‘If we perform and don’t leave it all on the stage that night, then it’s a waste of time – it’s about tapping into the primal scream,’ says Black Sabbath’s drummer Bill Ward. It’s an ethos that has kept the band alive through break-ups, health issues, personality clashes, primetime reality TV shows and more.
They’ve just won the Lifetime Achievement Award at the 60th anniversary of The Ivors, and they’re in a reflective mood.
Together with Ozzy Osbourne, Tony Iommi and Geezer Butler, Bill created Black Sabbath’s template sound and their eponymous debut album in 1970, just as the utopian dream of flower power was wilting in the wake of the new decade.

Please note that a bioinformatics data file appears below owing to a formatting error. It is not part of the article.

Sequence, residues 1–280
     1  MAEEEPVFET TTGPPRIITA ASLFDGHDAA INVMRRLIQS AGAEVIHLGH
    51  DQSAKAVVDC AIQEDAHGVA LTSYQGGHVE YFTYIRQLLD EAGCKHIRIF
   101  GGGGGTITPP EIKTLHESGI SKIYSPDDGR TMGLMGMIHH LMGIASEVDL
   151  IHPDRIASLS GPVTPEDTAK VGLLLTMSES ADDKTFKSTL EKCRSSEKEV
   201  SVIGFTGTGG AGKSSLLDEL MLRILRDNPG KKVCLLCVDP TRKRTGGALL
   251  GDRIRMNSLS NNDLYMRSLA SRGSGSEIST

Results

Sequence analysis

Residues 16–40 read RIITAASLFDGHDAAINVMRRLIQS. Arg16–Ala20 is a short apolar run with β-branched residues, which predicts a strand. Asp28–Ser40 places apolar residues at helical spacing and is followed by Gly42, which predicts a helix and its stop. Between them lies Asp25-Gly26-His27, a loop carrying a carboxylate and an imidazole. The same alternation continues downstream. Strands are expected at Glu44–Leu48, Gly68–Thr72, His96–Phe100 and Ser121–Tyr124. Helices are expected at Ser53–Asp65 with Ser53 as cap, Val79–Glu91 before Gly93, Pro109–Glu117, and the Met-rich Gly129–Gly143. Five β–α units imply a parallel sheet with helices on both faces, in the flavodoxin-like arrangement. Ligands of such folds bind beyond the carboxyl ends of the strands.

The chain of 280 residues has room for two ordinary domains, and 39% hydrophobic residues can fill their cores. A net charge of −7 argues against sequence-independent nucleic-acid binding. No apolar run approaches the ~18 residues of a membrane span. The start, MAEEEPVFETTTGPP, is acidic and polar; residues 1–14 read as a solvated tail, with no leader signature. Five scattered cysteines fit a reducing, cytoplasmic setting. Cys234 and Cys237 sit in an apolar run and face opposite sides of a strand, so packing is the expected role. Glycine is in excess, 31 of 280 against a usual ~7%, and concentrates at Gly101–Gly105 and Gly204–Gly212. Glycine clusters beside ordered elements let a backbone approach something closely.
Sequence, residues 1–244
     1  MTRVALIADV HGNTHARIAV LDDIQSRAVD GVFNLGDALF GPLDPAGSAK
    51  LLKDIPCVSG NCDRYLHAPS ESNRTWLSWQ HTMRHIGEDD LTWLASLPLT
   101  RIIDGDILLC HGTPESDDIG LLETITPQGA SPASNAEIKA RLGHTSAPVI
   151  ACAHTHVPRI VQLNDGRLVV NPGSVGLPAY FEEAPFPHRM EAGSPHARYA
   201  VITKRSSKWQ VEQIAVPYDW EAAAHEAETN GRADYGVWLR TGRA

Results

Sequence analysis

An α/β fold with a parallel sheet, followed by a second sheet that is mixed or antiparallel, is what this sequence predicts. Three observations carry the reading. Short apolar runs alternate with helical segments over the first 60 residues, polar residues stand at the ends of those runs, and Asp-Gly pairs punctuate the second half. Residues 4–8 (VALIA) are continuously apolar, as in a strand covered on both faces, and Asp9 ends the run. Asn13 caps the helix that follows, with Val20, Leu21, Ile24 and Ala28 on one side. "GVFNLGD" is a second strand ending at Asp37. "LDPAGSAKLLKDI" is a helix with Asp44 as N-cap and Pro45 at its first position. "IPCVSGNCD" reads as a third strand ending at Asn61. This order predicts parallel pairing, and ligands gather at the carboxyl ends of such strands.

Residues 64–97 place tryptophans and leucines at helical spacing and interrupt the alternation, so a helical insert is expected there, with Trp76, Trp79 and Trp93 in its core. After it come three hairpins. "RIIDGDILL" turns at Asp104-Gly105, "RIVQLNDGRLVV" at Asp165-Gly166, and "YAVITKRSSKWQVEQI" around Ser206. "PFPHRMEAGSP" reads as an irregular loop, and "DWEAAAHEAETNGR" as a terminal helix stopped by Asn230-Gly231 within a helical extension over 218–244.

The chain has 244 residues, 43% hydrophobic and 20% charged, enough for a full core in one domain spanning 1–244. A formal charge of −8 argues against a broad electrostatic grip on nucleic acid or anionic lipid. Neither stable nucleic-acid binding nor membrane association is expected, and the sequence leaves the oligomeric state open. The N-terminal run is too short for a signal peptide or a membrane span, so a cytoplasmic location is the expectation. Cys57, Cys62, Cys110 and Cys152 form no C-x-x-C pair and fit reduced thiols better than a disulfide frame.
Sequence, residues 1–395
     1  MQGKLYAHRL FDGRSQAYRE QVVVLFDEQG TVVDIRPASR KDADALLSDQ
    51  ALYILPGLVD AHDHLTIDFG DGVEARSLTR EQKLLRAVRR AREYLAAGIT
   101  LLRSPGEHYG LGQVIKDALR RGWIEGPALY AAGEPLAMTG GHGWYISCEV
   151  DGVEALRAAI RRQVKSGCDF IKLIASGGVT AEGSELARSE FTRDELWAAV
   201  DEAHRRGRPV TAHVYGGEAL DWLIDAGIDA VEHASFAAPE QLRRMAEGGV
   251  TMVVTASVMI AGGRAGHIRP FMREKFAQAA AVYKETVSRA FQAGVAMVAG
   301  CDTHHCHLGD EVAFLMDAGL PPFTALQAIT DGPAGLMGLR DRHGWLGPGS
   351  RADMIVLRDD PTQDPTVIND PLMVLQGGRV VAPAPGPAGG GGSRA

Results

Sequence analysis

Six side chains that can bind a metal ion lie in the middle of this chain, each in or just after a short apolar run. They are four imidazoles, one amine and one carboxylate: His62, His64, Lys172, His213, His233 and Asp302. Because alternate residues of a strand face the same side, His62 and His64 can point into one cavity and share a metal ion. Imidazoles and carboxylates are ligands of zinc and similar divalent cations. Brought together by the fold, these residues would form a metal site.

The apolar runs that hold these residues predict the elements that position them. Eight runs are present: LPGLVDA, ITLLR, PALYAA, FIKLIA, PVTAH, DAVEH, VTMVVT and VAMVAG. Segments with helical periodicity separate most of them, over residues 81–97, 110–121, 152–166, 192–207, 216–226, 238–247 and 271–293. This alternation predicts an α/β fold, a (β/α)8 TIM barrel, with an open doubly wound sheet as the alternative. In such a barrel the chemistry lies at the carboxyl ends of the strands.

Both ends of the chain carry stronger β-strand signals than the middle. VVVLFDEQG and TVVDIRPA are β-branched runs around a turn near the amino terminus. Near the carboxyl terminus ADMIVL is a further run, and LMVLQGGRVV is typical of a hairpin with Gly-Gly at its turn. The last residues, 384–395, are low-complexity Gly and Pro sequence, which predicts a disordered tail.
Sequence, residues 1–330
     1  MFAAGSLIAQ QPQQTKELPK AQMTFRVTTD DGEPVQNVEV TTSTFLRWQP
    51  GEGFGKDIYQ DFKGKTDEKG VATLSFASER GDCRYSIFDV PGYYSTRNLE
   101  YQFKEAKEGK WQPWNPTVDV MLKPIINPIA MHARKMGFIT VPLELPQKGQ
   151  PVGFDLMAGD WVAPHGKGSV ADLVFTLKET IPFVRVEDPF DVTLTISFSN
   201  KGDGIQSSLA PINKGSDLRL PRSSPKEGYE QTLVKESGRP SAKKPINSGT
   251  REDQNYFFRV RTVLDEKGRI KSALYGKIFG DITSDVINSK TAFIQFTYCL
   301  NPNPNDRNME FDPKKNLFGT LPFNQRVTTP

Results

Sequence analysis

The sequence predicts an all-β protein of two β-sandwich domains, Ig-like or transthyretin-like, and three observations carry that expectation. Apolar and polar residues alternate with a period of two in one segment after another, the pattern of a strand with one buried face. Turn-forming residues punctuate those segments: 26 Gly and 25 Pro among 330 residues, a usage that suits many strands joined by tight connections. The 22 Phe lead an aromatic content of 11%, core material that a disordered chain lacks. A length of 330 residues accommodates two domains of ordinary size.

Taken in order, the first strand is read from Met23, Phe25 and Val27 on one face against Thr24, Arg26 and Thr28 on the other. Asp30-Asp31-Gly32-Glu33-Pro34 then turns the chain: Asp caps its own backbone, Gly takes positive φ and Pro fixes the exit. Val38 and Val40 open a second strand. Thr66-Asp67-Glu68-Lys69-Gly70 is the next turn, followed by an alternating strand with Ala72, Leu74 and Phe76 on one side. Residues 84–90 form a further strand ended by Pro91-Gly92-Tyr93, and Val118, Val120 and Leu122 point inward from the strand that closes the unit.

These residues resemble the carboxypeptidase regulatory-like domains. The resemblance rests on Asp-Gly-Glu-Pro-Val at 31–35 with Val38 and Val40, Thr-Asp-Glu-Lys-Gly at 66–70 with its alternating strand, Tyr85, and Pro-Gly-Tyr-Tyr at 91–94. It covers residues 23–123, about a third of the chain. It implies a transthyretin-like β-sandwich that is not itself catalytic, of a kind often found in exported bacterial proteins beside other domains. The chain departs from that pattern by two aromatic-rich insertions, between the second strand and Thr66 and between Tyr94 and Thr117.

That record, along with follow-up Paranoid (which arrived just six months later), went on to birth a whole new genre of music – heavy metal.
Over 40 years later and the influence of those classic albums and their successors still looms large over global rock. During their career, the four piece have sold tens of millions of albums and altered the musical landscape forever, with bands as diverse as Nirvana and Iron Maiden citing them as a major inspiration.
Following their lauded, Rick Rubin-produced reunion record 13 in 2013, the band have set their sights on a new album, health permitting.
Here, we hear how that’s coming along and learn their thoughts on the longevity of rock and what it was like to start out as a young metal band before the genre had even been accepted…